Lecturer in Classics
9 Sills Hall
Michael is a lifelong Badger, having received his B.S., M.A., and Ph.D. from the University of Wisconsin. He teaches classes of all levels in Latin and Greek, as well as courses in ancient culture (Mythology, Greek Civilization) and Roman history and politics, particularly of the Roman Republic. This fall he is teaching an advanced Latin course on Cicero and two sections of Introductory Latin. In the spring he will continue the Introductory Latin sequence and will teach Mythology, which will center on the incredibly influential and entertaining world of Greek myth and story-telling.
Michael specializes in Greco-Roman historiography, with a particular focus on literary and ideological filtering in historians of the Roman empire. His focus has been on the Imperial Greek philosopher/moralist Plutarch, and he has published and lectured extensively on the Parallel Lives. Plutarch, a mainland Greek made a Roman citizen under Trajan, was primarily concerned with instructing his students on how to become better individuals and citizens through a process of self-reflection and critical thought, and his Parallel Lives are an attempt to set universal examples meant to instruct and teach citizens and politicians across the ages. As Emerson wrote, "One cannot read Plutarch without a tingling of the blood."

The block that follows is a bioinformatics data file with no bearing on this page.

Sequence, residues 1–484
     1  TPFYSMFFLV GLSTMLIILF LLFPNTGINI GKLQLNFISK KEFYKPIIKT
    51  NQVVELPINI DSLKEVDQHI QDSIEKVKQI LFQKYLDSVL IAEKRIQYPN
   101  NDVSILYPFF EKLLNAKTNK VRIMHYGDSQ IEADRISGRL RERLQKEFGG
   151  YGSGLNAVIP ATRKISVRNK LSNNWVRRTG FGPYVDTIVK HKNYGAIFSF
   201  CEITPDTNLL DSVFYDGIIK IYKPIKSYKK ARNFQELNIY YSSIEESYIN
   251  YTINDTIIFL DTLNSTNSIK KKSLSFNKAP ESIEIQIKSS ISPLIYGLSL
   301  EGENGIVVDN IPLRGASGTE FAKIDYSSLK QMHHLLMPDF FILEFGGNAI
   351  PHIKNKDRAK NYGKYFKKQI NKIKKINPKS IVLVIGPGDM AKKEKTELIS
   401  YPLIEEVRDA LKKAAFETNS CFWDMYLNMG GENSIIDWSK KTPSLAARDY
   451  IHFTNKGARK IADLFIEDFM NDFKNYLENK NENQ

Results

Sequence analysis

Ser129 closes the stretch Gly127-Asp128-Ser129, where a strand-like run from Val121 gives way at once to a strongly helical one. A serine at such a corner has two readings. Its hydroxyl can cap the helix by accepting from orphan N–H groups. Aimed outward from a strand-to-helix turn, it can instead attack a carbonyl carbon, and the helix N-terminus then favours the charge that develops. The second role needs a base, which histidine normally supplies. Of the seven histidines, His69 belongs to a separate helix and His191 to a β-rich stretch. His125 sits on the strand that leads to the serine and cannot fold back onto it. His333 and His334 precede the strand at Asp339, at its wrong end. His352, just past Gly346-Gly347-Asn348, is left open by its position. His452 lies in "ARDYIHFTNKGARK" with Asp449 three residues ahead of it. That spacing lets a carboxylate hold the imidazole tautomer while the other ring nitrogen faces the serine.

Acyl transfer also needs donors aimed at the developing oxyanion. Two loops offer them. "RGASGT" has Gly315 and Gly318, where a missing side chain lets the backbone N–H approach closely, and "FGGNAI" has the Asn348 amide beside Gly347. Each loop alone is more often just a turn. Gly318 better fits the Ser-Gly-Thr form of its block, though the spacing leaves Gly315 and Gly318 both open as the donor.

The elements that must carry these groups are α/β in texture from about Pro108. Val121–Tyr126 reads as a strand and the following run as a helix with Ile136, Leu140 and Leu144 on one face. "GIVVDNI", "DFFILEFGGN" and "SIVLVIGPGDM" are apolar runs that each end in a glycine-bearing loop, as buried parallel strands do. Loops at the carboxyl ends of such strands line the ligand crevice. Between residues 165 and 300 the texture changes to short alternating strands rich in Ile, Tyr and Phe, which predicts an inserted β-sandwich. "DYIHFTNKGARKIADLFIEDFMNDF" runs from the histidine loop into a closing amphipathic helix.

He is currently devoting his research time to two projects: a book project, tentatively titled Epic Lives, in which Michael investigates the correlation between Plutarch's use of Homeric models and his moral-educational vision, and an article that examines the influence of the role of Plato's Republic in one of Plutarch's Athenian Lives.
Michael enjoys eating lunch, where he will happily give advice and (believe it or not) talk about things not necessarily Latin or Plutarchan in nature, like film, literature, American culture, and the Milwaukee Brewers.